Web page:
From the Greek kata (down) and Latin seta ( bristle)
This unusual group of orchids offers fascinating, waxy flowers that often have the peculiar habit of discharging their pollen masses (pollinia) onto pollinators. Almost always deciduous, the pseudobulbous plants have strict growing and resting periods. Most flower before entering a dormant period when they drop their leaves.
There are 70 species spread from Mexico to Argentina and the West Indies of this deciduous fleshy pseudobulb with eight to twelve leaves. The inflorescence starts at the base of the pseudobulbs and may be erect or pendulous with male or female flowers . The male flowers are characterized with the ability to eject their pollina up to eight feet from the plant. The female flower can be seen with the male pollina in it's stigmatic cavity [see#1 in photo]. The male flower in the upper right of the picture shows that it has ejected it's pollina [see#2 in photo], first in that it is missing it's pollinarium and second by the limp colorless look of the flower in general as compared to the flower below [see #3 in photo]
The next photo shows a dried female flower [See #2 in photo] 1 day after a successful encounter with a male pollina, next to a non impregnated flower [see#3 in photo]. Note the swollen ovary [#1 in the photo] which is actually the stem of the flower. Here is where the seed will develop and in 3-4 months the seed will be mature and the capsule will dry and break open spilling the seed to the wind.
The vast majority of plants for sale are hybrids that some breeder dreamed up and made a reality. The resulting progeny from the union of two different species (known as a primary hybrid), or of a species and a hybrid, or of two hybrids (known as a complex hybrid). Typically easier to tend to as growing conditions along with the appearance of the flower are considered in the hybrid process.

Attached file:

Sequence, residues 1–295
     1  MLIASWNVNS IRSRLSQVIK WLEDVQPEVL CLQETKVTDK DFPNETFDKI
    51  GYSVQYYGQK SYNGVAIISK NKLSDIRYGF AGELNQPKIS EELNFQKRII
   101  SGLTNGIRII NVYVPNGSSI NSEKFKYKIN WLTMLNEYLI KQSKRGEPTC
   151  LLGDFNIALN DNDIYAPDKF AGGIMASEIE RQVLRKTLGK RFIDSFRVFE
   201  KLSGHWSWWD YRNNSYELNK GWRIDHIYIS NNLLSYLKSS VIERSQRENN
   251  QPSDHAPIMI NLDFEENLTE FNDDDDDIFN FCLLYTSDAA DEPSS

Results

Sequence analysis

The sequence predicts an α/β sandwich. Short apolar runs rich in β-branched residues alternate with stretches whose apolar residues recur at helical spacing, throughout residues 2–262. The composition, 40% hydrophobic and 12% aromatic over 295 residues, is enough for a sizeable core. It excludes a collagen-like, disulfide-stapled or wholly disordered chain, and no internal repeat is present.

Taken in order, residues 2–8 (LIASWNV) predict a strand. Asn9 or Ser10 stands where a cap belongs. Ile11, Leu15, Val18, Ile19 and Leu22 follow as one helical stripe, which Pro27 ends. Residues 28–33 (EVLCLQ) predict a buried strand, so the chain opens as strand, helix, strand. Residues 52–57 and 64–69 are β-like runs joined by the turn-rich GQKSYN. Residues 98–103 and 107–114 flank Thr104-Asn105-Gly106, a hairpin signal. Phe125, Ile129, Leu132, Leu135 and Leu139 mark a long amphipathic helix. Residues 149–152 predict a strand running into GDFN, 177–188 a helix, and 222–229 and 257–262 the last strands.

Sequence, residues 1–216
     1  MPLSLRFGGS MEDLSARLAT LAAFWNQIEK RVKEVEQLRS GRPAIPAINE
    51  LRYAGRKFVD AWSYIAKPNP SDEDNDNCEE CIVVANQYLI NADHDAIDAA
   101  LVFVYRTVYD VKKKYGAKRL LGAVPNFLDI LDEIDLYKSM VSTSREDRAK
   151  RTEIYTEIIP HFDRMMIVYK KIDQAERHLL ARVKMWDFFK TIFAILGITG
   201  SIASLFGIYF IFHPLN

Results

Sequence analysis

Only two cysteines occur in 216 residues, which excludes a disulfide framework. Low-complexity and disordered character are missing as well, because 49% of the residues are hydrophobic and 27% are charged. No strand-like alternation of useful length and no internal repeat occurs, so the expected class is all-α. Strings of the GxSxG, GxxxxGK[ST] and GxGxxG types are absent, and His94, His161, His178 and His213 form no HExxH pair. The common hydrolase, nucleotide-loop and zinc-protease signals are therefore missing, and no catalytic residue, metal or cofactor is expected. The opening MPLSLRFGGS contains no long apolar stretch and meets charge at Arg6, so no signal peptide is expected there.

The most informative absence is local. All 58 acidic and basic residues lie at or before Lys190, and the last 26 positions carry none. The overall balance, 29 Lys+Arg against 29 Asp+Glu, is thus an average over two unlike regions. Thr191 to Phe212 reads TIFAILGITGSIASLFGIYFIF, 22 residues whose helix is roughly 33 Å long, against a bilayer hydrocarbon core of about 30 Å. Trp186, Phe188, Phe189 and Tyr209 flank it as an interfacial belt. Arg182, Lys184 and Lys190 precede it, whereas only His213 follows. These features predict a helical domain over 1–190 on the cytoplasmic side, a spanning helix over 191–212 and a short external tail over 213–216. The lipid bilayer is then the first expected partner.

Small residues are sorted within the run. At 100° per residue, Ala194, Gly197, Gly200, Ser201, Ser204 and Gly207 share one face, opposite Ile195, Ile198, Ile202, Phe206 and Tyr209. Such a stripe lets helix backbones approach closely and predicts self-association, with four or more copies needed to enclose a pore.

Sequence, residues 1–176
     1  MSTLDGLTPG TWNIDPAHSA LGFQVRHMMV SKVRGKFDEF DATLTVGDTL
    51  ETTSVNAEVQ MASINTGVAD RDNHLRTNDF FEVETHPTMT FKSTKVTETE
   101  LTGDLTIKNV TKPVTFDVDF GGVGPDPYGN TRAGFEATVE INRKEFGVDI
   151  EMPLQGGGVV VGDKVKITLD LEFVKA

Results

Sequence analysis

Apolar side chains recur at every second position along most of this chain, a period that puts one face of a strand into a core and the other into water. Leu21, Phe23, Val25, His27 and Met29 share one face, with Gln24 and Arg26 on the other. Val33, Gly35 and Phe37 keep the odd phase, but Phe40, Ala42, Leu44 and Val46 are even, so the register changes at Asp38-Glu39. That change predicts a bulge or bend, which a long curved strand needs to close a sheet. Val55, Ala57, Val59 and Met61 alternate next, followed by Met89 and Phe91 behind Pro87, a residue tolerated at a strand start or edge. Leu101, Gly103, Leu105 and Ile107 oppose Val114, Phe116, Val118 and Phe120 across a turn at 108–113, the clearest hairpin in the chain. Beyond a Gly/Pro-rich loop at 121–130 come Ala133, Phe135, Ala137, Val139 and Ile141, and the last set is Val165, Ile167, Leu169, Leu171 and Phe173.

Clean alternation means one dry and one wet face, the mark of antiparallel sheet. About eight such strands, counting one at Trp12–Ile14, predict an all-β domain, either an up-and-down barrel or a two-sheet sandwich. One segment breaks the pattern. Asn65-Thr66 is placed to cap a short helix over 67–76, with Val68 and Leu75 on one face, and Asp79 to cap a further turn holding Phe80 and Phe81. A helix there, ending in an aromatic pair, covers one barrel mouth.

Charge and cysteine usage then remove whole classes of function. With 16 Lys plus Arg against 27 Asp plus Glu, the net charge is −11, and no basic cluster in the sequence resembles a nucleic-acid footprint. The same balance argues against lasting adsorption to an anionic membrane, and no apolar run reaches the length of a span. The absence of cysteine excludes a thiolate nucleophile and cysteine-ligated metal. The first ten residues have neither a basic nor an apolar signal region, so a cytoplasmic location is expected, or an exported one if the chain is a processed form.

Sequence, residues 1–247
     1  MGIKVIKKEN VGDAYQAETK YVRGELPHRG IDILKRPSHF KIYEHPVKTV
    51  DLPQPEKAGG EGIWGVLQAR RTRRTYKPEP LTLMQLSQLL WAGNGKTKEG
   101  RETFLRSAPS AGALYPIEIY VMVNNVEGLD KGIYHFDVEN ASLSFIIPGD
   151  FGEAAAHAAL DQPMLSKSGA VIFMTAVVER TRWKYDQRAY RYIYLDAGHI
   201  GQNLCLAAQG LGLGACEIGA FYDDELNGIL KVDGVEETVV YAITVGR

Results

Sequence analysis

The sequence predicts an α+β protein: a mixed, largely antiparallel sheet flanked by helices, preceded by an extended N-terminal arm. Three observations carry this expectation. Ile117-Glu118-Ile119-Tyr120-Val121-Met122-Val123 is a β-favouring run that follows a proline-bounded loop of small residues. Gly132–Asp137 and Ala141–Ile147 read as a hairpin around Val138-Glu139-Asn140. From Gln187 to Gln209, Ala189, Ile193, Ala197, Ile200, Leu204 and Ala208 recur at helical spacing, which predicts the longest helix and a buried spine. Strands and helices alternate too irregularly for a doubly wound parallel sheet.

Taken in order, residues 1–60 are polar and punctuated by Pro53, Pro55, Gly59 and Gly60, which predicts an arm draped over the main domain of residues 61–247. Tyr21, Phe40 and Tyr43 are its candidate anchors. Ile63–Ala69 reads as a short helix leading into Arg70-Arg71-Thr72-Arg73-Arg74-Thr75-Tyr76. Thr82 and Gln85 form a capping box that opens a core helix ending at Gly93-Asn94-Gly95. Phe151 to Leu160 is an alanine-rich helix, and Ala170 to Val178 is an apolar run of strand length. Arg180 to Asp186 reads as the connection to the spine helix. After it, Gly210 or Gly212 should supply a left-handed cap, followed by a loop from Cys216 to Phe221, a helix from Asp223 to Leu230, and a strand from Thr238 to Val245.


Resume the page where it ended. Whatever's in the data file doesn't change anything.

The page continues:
A collection of Catasetum related links to items of interest found on the Internet, that do not fit in any of the three main catagories.
Catasetum, abbreviated as Ctsm in horticultural trade, is a genus of showy epiphytic Orchids, family (Orchidaceae), subfamily Epidendroideae, tribe Cymbidieae, subtribe Catasetinae, with 166 species, many of which are highly prized in horticulture.
The cultural information below is a generalization and will apply in most situations; however each grower and growing environment is different. I encourage you to make adjustments based on your experience and growing conditions.
Catasetinae have a distinctive growth and rest period (dormancy). For best plant growth it is important to understand and respect these growth phases. When the plants are in active growth maintain constant root zone moisture and fertilize regularly. This is essential to optimizing the development of new growth. When the plants are dormant little or no water is needed as the pseudobulbs store enough moisture and nutrients to survive the dormancy.
Catasetinae plant culture is not difficult. All it takes is an understanding of the seasonal growth patterns. The plants vegetative state signals to the grower their changing needs. Interpret the signals and make the appropriate cultural adjustments. Here is what to look for:
The Sub-tribe Catasetinae includes the Genera Catasetum, Clowesia, Cycnoches, Dressleria, and Mormodes. Culture of Dressleria even though once included in the genus Catasetum is different. Do not try to grow Dressleria species using these suggestions.
The plants of Tribe Catasetinae are widespread in lowland tropical areas of South and Central America up to elevations of about 1200-1500 meters. Most of the discussion which follows pertains particularly to Catasetum a genus with 80-120 species. The plants can generally be found growing on trees, tree stumps, or old fence posts. The plants are weedy and tend to be fairly abundant once you find the first plant or plants.
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